Online Program

Climate change and public health policy implications of Sandy

Tuesday, November 5, 2013 : 10:30 a.m. - 10:50 a.m.

Kim Knowlton, DrPH, Science Center/Environmental Health Science Dept., Natural Resources Defense Council/Columbia University, Mailman School of Public Health., New York, NY
Without preparedness policies that reflect the lessons of Sandy and a changing climate, the health of US coastal residents and communities will continue to be threatened by rising sea levels and worsening storm surges. The tools that we use to plan for storm flooding, including hazard mitigation planning and floodplain maps, need to take climate change into account. Policy gaps are hampering preparations for the kinds of events we can expect under a changing climate. By creating actionable, up-to-date preparedness policies at the federal, state, and local levels, we stand to save lives, save dollars, and create healthier, more secure communities.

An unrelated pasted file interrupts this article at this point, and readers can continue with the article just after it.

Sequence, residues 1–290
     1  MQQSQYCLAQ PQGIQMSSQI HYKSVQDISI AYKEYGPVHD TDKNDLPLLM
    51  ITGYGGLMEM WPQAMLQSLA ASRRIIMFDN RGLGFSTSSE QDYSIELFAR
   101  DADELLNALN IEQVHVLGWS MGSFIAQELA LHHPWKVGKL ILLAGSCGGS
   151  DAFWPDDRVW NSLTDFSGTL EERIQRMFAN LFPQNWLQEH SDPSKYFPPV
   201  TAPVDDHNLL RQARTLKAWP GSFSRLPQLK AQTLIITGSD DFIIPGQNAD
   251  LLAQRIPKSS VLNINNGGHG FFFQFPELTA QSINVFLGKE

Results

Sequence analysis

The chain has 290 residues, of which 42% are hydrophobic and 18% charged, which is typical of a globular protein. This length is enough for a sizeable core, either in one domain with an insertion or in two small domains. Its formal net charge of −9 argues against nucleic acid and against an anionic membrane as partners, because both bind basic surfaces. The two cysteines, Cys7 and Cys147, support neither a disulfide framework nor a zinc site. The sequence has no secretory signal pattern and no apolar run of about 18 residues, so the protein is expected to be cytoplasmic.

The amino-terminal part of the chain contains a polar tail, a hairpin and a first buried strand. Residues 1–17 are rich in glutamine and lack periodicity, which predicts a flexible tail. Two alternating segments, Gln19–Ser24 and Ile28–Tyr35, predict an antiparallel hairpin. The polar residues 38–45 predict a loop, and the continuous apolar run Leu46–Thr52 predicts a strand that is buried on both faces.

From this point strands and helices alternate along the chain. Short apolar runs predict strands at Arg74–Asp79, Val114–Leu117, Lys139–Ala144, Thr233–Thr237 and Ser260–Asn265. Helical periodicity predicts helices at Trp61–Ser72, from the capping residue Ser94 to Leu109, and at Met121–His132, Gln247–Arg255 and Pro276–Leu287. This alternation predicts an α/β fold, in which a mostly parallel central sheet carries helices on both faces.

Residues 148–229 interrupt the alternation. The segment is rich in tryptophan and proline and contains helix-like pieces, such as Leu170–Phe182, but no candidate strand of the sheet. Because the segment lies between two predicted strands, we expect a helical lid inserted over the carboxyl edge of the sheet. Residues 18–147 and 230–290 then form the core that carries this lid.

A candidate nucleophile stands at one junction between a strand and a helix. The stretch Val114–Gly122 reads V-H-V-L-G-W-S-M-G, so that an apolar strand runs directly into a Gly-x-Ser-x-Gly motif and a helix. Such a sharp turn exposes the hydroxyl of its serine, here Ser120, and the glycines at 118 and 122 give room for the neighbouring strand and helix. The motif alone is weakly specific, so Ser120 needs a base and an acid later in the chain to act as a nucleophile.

Learning Areas:

Environmental health sciences
Public health or related public policy

Learning Objectives:
List 3 environmental health issues that emerged after Hurricane Sandy. Describe one way that including climate change in hazard planning policy can address gaps in storm preparedness.

Presenting author's disclosure statement:

Qualified on the content I am responsible for because: I am a health scientist who conducts research and publishes on the connections between climate change and its effects on public health, and policies to improve climate-health preparedness, including strategies since Hurricane Sandy.
Any relevant financial relationships? No

I agree to comply with the American Public Health Association Conflict of Interest and Commercial Support Guidelines, and to disclose to the participants any off-label or experimental uses of a commercial product or service discussed in my presentation.